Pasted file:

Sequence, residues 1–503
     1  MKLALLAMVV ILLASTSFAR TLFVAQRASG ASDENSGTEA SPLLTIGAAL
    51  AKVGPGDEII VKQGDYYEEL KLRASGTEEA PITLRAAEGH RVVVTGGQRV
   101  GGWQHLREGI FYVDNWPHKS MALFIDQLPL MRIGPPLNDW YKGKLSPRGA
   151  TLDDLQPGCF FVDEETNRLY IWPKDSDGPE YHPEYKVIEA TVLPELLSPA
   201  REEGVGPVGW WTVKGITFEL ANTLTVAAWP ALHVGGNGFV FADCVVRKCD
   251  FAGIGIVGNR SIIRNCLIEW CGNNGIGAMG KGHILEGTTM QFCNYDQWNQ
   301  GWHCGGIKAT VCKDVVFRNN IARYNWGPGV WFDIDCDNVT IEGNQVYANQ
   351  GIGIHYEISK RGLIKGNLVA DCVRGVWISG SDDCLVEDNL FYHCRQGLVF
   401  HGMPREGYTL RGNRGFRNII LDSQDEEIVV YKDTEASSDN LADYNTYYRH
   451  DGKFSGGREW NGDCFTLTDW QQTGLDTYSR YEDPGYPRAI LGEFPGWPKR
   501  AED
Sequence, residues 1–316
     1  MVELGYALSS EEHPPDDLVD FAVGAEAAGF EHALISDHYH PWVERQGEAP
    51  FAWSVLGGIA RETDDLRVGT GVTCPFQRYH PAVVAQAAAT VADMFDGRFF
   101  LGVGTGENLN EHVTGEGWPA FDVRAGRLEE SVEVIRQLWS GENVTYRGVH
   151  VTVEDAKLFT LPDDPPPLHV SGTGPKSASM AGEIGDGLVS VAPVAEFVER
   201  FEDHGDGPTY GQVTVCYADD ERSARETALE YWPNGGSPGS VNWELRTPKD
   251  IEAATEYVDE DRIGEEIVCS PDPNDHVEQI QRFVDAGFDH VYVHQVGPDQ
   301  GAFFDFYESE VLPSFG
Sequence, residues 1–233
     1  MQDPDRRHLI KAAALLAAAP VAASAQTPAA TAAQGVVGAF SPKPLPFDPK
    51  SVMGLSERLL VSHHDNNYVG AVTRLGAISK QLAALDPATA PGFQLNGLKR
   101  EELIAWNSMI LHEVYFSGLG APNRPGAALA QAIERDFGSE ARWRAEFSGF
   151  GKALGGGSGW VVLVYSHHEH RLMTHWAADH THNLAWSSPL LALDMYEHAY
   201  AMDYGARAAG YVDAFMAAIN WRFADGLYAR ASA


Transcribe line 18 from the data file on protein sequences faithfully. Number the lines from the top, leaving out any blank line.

   201  FEDHGDGPTY GQVTVCYADD ERSARETALE YWPNGGSPGS VNWELRTPKD